Two Russian cosmonauts and NASA astronaut Chris Cassidy blasted off aboard a Russian Soyuz rocket on Thursday and headed toward the International Space Station, a trip that is expected to take less than six hours, compared to the usual two-day voyage.
Launch from the Baikonur Cosmodrome in Kazakhstan occurred at 4:43 p.m. EDT. Docking is slated for 10:32 p.m.
The trip in the express lane was three years in the making.
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"At first everybody was really apprehensive about it, but later on our ballistic specialists calculated the possibility, looked at the rocket and verified the capabilities of the Soyuz (capsule) which now has a digital command and control system and an onboard computer that can do pretty much anything," incoming station commander Pavel Vinogradov, speaking through a translator, told reporters at a pre-launch press conference broadcast on NASA Television.
Russia conducted three test flights with Progress cargo ships before clearing the Soyuz capsule carrying people to attempt the short-cut.
The route requires not only precision timing for launch, but a very exacting series of maneuvering burns to catch up to the space station in just four orbits. The usual trip to the station, which flies about 250 miles above Earth, unfolds over 34 orbits.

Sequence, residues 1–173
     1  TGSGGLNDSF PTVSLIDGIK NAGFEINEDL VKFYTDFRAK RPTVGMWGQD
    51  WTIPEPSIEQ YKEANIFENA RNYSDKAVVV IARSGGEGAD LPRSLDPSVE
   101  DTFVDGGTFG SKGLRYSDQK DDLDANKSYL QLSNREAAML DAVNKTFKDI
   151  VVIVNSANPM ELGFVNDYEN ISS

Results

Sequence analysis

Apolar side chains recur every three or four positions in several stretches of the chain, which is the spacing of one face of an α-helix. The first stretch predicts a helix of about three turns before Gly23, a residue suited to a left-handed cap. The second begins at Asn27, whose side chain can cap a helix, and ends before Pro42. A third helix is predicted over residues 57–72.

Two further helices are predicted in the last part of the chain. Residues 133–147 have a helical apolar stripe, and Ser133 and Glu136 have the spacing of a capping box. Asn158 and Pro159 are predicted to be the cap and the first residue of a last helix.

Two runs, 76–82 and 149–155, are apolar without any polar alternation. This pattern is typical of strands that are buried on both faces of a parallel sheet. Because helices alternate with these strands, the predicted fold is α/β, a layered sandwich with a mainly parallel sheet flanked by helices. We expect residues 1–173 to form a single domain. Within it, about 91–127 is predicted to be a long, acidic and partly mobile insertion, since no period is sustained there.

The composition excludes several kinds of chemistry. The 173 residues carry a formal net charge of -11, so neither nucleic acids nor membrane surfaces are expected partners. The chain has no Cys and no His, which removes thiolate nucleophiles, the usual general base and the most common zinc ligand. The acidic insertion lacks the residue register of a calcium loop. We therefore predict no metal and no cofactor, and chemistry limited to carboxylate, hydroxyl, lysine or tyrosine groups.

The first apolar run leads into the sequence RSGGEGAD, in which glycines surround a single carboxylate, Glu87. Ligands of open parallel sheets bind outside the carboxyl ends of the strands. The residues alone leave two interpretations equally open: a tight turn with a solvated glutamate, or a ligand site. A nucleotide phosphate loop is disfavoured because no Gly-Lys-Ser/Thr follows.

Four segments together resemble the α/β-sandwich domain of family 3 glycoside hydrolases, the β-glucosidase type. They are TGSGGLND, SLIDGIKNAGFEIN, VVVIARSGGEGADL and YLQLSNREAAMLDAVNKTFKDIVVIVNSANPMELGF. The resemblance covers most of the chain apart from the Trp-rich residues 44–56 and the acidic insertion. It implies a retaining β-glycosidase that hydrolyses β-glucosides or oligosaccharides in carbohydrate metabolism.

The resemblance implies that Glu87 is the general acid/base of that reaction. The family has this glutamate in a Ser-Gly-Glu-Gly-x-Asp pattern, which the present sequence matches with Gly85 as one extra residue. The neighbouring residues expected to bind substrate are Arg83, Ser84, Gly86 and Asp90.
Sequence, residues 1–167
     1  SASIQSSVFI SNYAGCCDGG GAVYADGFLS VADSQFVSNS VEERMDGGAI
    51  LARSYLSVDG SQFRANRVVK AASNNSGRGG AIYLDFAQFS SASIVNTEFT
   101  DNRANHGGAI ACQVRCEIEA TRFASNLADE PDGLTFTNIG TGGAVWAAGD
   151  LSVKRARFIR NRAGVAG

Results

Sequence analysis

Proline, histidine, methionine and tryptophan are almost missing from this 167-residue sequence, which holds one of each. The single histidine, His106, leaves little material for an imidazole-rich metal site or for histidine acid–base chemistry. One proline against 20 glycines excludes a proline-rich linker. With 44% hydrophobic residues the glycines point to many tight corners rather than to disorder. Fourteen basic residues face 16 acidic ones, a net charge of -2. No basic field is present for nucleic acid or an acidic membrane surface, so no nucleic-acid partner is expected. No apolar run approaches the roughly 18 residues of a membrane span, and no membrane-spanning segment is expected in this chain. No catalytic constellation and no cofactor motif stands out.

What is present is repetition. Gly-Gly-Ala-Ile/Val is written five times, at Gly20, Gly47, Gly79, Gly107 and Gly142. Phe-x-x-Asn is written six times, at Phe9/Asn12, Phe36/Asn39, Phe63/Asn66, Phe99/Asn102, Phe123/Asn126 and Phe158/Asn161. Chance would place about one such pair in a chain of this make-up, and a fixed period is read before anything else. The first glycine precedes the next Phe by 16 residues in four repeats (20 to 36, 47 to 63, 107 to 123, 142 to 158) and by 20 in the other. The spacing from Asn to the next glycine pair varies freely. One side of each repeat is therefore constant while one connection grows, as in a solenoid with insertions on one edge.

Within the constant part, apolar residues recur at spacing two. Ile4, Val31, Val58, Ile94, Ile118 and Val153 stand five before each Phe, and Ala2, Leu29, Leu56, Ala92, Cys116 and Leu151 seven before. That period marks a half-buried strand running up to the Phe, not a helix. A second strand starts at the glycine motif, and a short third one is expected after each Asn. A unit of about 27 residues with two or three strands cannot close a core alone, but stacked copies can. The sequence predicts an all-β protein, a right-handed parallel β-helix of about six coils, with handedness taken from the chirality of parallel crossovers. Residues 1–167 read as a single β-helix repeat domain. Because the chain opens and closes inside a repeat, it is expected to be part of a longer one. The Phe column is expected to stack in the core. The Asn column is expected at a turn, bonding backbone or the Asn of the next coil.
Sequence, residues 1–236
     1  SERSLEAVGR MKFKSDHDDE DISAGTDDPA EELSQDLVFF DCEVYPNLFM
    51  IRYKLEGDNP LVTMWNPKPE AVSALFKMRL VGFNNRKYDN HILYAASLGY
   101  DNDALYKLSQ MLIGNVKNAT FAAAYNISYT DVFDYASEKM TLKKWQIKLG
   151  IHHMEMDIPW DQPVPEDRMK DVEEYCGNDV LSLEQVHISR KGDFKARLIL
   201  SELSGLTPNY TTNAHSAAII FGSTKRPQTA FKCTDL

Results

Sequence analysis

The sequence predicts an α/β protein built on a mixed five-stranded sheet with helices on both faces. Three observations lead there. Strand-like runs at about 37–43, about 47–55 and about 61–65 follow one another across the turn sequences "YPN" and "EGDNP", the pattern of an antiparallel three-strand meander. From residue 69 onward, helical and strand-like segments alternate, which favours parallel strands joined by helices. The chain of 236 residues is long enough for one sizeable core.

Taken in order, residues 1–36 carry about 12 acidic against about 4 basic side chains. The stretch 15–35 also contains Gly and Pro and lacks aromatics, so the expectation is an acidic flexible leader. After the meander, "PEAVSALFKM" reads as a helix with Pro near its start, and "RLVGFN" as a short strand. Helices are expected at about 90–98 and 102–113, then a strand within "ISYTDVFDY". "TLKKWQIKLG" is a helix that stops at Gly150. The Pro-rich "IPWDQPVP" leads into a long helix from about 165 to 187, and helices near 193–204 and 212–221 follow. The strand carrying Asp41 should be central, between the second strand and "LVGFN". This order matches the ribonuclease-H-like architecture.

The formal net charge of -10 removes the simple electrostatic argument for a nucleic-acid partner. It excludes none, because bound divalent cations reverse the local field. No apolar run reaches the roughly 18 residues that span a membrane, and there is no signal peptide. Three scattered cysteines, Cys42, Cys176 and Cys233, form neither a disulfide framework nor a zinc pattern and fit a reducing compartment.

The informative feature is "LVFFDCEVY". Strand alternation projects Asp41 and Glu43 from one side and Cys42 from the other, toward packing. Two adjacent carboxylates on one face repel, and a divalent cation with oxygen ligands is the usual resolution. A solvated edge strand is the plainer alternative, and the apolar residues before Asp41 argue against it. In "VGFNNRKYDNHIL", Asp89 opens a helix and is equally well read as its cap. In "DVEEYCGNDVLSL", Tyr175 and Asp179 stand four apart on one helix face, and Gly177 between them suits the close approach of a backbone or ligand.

"In reality, it's not very far to the space station, although with the velocities we're talking about, it's quite an achievement," deputy station program manager Kirk Shireman said during a NASA interview.
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If any problems develop, flight controllers can waive off the expedited schedule and retarget docking at the station for Saturday.
"We'll try it ... with this crew. There are lots of things to learn and understand and then make a decision with subsequent flights whether we'll do the four-orbit rendezvous," Shireman said.
Meanwhile, Russian engineers already are looking into cutting the trip time to two orbits, Vinogradov said.
Aside from less time spent in the Soyuz's extremely cramped quarters, the crew should be able to reach the station before any disquieting impacts of microgravity - nausea, dizziness, vomiting - set in, Vinogradov added.
"For the first four or five hours we are going to be fully operational, without any of the negative side-effects," he said.
The shorter trip also means biomedical experiments and equipment can reach the station sooner, improving science results.
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And then, there's the ice cream the cosmonauts are bringing as a gift for the three crewmembers already aboard the station.
"Within such a very short period of time, probably the ice cream will not melt," Vinogradov quipped.
Image credit: NASA